Methods for drying stickwater

Methods for drying stickwater

S. Plante, S. Smiley, A.C.M. Oliveira, and P.J. Bechtel

Methods for drying stickwaterThis is part of A Sustainable Future: Fish Processing Byproducts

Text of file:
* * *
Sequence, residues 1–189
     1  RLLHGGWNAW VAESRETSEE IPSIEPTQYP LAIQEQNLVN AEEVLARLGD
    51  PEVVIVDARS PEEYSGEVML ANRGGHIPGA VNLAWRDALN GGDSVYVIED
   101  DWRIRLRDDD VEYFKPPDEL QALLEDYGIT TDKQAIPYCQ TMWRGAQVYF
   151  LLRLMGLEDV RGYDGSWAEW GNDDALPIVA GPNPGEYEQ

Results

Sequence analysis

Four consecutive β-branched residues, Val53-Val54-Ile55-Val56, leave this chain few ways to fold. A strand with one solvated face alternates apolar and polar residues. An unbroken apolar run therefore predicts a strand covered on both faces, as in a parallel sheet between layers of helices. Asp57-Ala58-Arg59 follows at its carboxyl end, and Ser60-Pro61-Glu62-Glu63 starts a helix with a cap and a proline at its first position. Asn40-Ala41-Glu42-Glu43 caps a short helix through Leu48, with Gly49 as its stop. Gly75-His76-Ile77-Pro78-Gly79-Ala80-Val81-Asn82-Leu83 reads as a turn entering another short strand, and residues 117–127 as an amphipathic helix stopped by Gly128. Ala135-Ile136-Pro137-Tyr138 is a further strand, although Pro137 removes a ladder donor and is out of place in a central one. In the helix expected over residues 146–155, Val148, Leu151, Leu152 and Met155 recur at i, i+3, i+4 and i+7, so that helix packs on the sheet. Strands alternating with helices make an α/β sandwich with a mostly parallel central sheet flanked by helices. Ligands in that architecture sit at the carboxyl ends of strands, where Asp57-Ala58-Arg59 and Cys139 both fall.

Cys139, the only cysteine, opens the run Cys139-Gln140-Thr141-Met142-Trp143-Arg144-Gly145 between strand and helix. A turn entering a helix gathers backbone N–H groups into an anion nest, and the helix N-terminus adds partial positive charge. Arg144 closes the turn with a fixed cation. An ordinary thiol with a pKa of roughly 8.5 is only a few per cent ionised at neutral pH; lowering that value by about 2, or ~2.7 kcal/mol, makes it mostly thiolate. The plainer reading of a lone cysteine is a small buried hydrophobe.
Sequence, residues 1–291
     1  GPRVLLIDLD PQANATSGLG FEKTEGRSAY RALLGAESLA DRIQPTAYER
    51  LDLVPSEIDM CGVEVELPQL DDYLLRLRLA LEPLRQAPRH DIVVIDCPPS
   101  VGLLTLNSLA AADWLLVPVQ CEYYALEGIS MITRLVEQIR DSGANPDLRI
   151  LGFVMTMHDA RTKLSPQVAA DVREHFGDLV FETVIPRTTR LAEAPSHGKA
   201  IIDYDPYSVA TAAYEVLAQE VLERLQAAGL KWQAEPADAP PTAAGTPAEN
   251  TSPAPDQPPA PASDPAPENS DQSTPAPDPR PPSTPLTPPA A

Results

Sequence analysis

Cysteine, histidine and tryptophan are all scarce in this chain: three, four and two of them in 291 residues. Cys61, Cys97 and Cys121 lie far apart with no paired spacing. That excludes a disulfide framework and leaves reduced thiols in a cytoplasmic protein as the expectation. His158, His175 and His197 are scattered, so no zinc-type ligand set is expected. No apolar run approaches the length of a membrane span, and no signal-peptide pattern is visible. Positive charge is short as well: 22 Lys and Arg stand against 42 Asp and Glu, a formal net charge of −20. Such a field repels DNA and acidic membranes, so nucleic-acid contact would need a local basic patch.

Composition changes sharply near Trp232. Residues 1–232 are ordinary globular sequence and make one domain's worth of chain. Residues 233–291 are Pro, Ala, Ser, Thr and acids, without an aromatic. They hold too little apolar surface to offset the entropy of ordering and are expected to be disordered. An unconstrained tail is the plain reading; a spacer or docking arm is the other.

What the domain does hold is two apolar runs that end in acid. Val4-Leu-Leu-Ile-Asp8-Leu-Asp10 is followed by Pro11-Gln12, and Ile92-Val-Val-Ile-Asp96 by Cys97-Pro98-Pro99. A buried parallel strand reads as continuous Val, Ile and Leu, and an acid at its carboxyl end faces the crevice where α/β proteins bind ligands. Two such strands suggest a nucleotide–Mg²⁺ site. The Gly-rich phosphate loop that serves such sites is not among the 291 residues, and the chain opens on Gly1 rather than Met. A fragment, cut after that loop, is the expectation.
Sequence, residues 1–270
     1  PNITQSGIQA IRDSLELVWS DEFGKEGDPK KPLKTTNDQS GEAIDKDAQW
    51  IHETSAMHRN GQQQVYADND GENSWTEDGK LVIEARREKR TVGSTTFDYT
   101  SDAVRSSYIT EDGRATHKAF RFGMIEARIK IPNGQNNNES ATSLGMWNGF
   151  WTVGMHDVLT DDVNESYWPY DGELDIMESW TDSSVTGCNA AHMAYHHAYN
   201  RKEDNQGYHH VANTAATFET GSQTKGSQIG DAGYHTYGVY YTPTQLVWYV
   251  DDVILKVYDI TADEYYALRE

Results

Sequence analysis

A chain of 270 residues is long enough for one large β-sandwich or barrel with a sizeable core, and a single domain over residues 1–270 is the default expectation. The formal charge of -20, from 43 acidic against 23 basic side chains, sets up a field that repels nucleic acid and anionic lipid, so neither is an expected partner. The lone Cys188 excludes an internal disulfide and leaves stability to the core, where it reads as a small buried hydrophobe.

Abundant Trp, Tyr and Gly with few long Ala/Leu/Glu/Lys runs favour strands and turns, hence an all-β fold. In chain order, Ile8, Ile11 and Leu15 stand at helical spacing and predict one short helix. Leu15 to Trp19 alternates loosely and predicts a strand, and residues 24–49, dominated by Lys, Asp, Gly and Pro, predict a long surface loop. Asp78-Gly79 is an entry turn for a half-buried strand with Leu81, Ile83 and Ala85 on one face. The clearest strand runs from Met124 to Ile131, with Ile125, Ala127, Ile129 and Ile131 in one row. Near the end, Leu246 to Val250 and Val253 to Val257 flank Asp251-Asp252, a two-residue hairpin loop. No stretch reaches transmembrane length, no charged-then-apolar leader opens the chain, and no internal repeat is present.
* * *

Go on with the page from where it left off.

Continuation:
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Alaska is one of the largest fisheries in the world. More than 2 million metric tons of fish are harvested there each year. Walleye pollock (Theragra chalcogramma) is the most abundant fish captured, at more than 1 million t, followed by the combined species of Pacific salmon at about 250,000 t. Assuming that only 25% of the fish are used for human food, this leaves a considerable amount of byproducts to process into fish meal. Alaska's fish meal production differs because food-grade processing wastes are employed instead of whole fish. In other parts of the world, whole fish are transformed exclusively for fish meal (e.g., sardine, menhaden). Alaska's waste fish are "fresh" when received for processing. Stickwater is a byproduct of fish meal production. Derived from oil-depleted liquid fractions during processing, stickwater contains soluble molecules. Little is known about the chemical or nutritional characteristics of Alaska's stickwater. Our objective was to develop an efficient method for producing dried meals from stickwater, which has a sticky nature and unique drying challenges. We produced dried powders from pollock stickwater using different dryer technologies including lyophilization, microwave, and drum drying. We present the methods used to dry stickwater and some basic chemical analyses that were performed on each powder. Given the high quality of the waste fish used to produce Alaska fish meal, we concluded that stickwater could be a very good binder agent and a potential attractant or appetite enhancer for aquaculture purposes.

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